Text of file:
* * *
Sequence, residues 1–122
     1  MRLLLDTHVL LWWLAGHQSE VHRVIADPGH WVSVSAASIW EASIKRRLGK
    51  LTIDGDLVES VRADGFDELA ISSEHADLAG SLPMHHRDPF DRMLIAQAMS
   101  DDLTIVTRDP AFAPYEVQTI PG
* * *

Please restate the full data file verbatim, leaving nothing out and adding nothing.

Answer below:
Sequence, residues 1–122
     1  MRLLLDTHVL LWWLAGHQSE VHRVIADPGH WVSVSAASIW EASIKRRLGK
    51  LTIDGDLVES VRADGFDELA ISSEHADLAG SLPMHHRDPF DRMLIAQAMS
   101  DDLTIVTRDP AFAPYEVQTI PG